Relaxation of the Aorta Precontracted With NE
Each preparation was equilibrated in the 10-mL bathing solution for 90 to 120 minutes before the experiment. The resting tension was 0.7 g; this was found to be the optimal preload for force development in these blood vessels in preliminary studies. After the equilibration, the rings were exposed to KCl (50 mmol/L). When the contractile responses plateaued, the rings were rinsed with the solution and allowed to equilibrate for an additional 60 minutes before the application of NE (300 nmol/L). For the relaxation studies, the submaximal tone (≈80% of the maximal tone) was induced with NE (300 nmol/L) and then acetylcholine (ACh), sodium nitroprusside, (SNP), or testosterone was added in a cumulative fashion, and the relaxing effects were compared between endothelium-intact and endothelium-denuded rings. Responses were expressed as percentage relaxation of NE-induced tone, and relaxation in the absence of drugs was taken to be 0%. To assess the role of endothelium in the vascular response to testosterone, some thoracic aortae were deendothelialized before being mounted by gentle rubbing of the luminal surface with a string.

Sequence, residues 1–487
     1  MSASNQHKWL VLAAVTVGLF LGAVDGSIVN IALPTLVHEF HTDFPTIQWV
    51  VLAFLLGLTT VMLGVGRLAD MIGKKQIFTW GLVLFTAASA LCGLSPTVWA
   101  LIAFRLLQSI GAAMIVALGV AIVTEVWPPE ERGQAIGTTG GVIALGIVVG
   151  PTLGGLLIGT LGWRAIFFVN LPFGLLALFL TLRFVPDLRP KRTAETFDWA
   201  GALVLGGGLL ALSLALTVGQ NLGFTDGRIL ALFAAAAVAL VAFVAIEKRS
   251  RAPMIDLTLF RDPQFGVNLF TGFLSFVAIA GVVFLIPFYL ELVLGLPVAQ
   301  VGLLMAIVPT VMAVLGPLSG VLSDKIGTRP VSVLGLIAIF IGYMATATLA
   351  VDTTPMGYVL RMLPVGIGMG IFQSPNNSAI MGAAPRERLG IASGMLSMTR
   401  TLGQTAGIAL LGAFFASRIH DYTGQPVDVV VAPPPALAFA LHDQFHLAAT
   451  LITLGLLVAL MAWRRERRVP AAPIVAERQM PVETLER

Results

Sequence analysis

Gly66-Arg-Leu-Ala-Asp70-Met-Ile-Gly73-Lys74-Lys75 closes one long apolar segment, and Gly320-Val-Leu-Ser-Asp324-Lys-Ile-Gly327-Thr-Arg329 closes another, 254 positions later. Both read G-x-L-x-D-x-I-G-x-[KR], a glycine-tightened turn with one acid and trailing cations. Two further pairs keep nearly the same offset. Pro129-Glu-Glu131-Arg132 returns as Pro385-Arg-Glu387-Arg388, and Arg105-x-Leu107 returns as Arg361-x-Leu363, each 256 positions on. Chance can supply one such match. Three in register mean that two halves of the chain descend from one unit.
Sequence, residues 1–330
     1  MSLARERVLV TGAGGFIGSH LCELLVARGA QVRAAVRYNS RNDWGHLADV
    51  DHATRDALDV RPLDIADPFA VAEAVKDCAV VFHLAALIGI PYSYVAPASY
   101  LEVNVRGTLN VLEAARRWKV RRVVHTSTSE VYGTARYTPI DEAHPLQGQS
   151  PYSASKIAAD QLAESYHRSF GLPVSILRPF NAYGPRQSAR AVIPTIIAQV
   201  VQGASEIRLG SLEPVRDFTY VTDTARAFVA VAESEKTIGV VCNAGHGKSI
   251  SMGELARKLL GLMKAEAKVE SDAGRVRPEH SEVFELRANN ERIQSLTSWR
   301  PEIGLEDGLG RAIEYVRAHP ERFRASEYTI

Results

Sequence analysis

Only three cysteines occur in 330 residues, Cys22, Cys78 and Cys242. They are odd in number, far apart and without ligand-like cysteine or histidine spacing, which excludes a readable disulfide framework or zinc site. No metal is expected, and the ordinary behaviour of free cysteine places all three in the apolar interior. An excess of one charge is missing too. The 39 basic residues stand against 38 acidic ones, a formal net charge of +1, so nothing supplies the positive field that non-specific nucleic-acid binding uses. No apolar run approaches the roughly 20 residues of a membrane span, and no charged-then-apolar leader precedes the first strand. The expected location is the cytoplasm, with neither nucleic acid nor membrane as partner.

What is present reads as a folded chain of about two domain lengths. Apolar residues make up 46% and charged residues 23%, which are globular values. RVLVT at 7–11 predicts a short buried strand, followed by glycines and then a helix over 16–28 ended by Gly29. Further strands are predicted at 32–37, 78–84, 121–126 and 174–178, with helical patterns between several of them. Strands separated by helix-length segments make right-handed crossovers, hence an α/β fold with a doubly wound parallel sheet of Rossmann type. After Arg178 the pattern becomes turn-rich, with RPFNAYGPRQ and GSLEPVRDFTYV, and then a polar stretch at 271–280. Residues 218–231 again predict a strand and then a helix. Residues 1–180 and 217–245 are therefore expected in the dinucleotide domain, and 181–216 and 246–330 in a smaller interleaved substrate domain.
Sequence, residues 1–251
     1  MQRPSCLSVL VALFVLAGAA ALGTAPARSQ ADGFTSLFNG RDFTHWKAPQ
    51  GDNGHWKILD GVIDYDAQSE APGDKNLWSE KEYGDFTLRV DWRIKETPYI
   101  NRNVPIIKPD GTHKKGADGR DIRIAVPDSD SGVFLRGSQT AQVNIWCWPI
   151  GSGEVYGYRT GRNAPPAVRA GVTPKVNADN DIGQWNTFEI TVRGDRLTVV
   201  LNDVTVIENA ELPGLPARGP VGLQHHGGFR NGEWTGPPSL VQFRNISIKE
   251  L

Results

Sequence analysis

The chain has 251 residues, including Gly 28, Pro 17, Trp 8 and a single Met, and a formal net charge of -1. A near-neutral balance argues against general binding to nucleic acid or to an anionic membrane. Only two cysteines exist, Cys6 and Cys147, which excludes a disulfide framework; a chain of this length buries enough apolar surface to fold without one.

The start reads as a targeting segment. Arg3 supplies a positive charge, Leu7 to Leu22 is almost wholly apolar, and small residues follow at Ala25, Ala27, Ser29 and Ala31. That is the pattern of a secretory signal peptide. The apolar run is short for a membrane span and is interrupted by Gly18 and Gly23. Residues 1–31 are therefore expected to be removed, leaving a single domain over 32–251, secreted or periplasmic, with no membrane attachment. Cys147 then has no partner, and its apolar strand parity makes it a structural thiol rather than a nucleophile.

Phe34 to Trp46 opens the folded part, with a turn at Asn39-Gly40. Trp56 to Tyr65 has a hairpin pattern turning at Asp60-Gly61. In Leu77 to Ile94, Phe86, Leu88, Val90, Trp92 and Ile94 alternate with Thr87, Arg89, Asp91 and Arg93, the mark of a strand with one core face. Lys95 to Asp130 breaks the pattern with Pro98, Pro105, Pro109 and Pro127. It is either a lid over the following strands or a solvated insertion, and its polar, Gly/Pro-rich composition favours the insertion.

Effects of Potassium Channel Blockers on Testosterone-Induced Relaxation
To determine the possible effects of ATP-sensitive, voltage-dependent, or calcium-activated potassium channels on testosterone-induced relaxation, glibenclamide, a selective inhibitor of ATP-sensitive potassium channels; 4-aminopyridine, a selective inhibitor of voltage-dependent potassium channels; or tetraethylammonium (TEA), an inhibitor of calcium-activated potassium channels, was added to the solution 5 minutes before treatment with NE.
Effects of NG-nitro-l-arginine and Indomethacin on Testosterone-Induced Relaxation
NG-nitro-l-arginine (L-NA), an inhibitor of NO synthase, or indomethacin, an inhibitor of cyclooxygenase, was added to the solution 5 minutes before treatment with NE to observe the effects on testosterone-induced relaxation.